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A simple definition of variable, which you have seen in the last chapter, does not tell you how it varies. Different variables vary differently and depending on the way they vary, they are broadly classified into two types:
  1. Continuous and
  2. Discrete.
A continuous variable can take any numerical value. It may take integral values (1, 2, 3, 4, ...), fractional values (1/2, 2/3, 3/4, ...), and values that are not exact fractions ( =1.414, =1.732, ... , =2.645).

For example, the weight of a student, as he/she grows say from 30 kg to 50 kg, would take all the values in between them. It can take values that are whole numbers like 40kg, 50kg, 48kg, 35kg. It can also take fractional values like 40.85 kg, 46.34 kg and 49.99kg etc. that are not whole numbers. Thus the variable “weight” is capable of manifesting in every conceivable value and its values can also be broken down into infinite gradations. Other examples of a continuous variable are height, time, distance, etc. A discrete variable can take only certain values, but not like a continuous variable. The value of discrete variable changes only by finite “jumps”. It “jumps” from one value to another but does not take any intermediate value between them.

For example, a variable like the “number of bags in a shop”, for different shops, would assume values that are only whole numbers. It cannot take any fractional value like 0.5 because “half of a bag” is absurd. Therefore it cannot take a value like 26.5 between 26 and 27. Instead its value could have been either 26 or 27. What we observe is that as its value changes from 26 to 27, the values in between them the fractions are not taken by it. But do not have the impression that a discrete variable cannot take any fractional value. Suppose X is a variable that takes values like 1/3, 1/14, 1/22, 1/35, ... Is it a discrete variable? Yes, because though X takes fractional values.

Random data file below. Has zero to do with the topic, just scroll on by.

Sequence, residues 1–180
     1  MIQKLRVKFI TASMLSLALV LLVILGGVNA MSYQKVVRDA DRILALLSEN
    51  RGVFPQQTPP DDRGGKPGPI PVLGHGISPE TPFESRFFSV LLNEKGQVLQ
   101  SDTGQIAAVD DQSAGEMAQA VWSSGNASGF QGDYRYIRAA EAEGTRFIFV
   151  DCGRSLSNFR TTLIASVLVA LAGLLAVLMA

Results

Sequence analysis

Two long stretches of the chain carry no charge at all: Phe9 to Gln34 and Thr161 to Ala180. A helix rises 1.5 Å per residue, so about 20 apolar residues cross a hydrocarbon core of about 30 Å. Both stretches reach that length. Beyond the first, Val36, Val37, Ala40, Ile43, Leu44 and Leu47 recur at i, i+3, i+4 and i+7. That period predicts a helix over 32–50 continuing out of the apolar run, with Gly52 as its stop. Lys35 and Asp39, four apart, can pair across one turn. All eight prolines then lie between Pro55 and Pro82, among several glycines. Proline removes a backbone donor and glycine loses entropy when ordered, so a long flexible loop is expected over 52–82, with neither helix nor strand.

It cannot take any value between two adjacent fractional values. It changes or “jumps” from 1/14 to 1/22 and from 1/22 to 1/35. But cannot take a value in between 1/14 and 1/22 or between 1/22 and 1/35. Already we have mentioned that example 4 is the frequency distribution of marks in statistics of 100 students as shown in Table 3.1. It shows how the marks of 100 students are grouped into classes. You will be wondering as to how we got it from the raw data of Table 3.1. But, before we address this question, you must know what a frequency distribution is.

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